Specific changes to non-coding RNA may be part of what makes us human
Human-specific variants of four microRNAs may have altered expression levels and gene targets compared to other great apes, according to a study published in the open-access journal PLOS ONE by Alicia Gallego from the Institute of Evolutionary Biology, Spain, and colleagues.
The great ape individuals and miRNAs changes analyzed in this study. Boxes indicate the number of species-specific nucleotide substitutions along the great ape phylogeny since the split with humans (or with chimpanzees in the case of humans), in the precursor (dark grey), mature (light grey) and seed (white) miRNA regions. Total number of miRNAs in which these changes occur is shown in brackets. No species-specific nucleotide substitutions were considered for bonobo (Pan paniscus) due to the low quality genome annotation in this group may underestimate the real number of species-specific substitutions in the rest of the groups, and for gorillas (Gorilla beringei) due to the low number of individuals that are representative of this population [Credit: Gallego et al.]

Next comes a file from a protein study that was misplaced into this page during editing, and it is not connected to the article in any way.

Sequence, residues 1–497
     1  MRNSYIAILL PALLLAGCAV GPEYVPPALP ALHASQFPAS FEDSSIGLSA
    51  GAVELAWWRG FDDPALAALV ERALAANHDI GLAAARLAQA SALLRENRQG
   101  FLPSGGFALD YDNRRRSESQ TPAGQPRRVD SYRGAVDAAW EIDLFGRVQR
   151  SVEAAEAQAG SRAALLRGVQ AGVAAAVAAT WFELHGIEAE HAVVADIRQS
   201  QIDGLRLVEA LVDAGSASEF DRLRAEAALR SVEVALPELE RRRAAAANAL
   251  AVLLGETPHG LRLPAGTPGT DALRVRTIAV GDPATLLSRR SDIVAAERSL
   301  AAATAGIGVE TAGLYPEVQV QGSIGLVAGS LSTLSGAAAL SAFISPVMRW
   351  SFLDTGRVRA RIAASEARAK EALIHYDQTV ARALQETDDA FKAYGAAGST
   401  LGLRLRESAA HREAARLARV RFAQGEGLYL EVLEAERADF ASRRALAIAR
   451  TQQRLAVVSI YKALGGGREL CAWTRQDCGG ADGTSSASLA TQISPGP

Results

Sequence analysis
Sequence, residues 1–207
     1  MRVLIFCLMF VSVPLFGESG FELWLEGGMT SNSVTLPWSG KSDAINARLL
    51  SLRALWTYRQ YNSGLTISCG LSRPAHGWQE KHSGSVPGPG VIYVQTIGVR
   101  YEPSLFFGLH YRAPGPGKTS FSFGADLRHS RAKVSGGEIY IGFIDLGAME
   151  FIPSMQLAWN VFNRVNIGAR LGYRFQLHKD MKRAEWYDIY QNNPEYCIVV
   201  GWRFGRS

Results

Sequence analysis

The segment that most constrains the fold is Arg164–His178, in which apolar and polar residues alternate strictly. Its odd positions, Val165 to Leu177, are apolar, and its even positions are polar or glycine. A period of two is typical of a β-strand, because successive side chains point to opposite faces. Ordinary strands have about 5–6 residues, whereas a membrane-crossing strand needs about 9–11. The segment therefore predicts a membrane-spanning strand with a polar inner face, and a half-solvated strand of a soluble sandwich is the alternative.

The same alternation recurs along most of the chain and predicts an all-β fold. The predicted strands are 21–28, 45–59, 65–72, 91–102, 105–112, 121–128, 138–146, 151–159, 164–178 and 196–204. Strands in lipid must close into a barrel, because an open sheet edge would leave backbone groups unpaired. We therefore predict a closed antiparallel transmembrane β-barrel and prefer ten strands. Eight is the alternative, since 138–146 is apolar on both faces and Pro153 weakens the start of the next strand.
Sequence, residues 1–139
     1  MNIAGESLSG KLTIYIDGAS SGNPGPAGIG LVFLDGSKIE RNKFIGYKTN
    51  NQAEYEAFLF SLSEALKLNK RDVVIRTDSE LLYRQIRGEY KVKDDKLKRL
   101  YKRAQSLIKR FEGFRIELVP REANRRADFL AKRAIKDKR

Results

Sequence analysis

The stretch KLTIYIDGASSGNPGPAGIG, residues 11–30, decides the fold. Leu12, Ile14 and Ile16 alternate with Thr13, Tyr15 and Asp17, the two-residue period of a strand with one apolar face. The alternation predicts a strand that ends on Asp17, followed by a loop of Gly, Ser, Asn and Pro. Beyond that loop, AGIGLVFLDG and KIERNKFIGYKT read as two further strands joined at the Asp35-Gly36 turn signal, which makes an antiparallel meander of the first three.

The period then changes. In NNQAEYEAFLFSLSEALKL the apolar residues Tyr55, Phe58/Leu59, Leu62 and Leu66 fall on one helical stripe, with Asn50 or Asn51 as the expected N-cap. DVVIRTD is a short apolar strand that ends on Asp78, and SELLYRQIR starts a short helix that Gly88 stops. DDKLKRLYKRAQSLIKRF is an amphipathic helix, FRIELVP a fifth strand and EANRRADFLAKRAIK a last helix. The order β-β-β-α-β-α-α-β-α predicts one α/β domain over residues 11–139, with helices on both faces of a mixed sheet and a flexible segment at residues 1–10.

MicroRNAs are post-transcriptional gene regulators known to be involved in almost every biological function. They are highly conserved among species and, while some differences exist, the effect of the variations is often unclear. The authors of the present study analysed over 1500 microRNAs to identify variations between humans and other great ape species, including orangutans, gorillas, bonobos and chimpanzees, and the possible effect of these variations on function.
The authors found that changes in the sequence and length of four microRNAs may be specific to humans. Two were highly expressed in brain tissue and may exert effects on genes with neural functions, while two exhibit restricted expression patterns that the authors posited implied a role in development. The authors also found that "age" might matter; in an evolutionary sense, "younger" microRNAs had less sequence conservation, expression and disease association, and were more isolated than "older" microRNAs.
The authors suggest this study may aid in our understanding of how non-coding elements may have played a role in shaping some traits that ultimately became human-specific. They also hope that it provides a framework to study the possible impact of these changes on recent human evolution.